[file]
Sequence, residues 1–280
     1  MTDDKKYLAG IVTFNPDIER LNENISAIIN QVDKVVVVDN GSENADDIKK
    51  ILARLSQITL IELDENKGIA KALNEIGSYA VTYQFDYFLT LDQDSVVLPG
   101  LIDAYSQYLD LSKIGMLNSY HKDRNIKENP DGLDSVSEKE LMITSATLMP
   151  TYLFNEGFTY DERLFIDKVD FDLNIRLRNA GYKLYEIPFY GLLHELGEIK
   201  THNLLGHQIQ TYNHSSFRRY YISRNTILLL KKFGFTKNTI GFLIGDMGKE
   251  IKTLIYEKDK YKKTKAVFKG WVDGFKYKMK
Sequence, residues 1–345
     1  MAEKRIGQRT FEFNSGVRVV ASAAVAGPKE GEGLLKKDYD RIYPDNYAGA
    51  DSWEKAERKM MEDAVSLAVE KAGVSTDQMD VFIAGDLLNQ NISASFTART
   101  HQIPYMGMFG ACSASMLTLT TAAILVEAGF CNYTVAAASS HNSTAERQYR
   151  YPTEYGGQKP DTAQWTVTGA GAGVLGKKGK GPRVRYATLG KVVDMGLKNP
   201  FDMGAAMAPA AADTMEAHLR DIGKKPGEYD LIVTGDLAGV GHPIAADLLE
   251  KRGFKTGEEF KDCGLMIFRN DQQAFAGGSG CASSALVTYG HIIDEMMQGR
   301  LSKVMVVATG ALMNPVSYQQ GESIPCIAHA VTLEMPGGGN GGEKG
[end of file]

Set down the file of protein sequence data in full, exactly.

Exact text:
Sequence, residues 1–280
     1  MTDDKKYLAG IVTFNPDIER LNENISAIIN QVDKVVVVDN GSENADDIKK
    51  ILARLSQITL IELDENKGIA KALNEIGSYA VTYQFDYFLT LDQDSVVLPG
   101  LIDAYSQYLD LSKIGMLNSY HKDRNIKENP DGLDSVSEKE LMITSATLMP
   151  TYLFNEGFTY DERLFIDKVD FDLNIRLRNA GYKLYEIPFY GLLHELGEIK
   201  THNLLGHQIQ TYNHSSFRRY YISRNTILLL KKFGFTKNTI GFLIGDMGKE
   251  IKTLIYEKDK YKKTKAVFKG WVDGFKYKMK
Sequence, residues 1–345
     1  MAEKRIGQRT FEFNSGVRVV ASAAVAGPKE GEGLLKKDYD RIYPDNYAGA
    51  DSWEKAERKM MEDAVSLAVE KAGVSTDQMD VFIAGDLLNQ NISASFTART
   101  HQIPYMGMFG ACSASMLTLT TAAILVEAGF CNYTVAAASS HNSTAERQYR
   151  YPTEYGGQKP DTAQWTVTGA GAGVLGKKGK GPRVRYATLG KVVDMGLKNP
   201  FDMGAAMAPA AADTMEAHLR DIGKKPGEYD LIVTGDLAGV GHPIAADLLE
   251  KRGFKTGEEF KDCGLMIFRN DQQAFAGGSG CASSALVTYG HIIDEMMQGR
   301  LSKVMVVATG ALMNPVSYQQ GESIPCIAHA VTLEMPGGGN GGEKG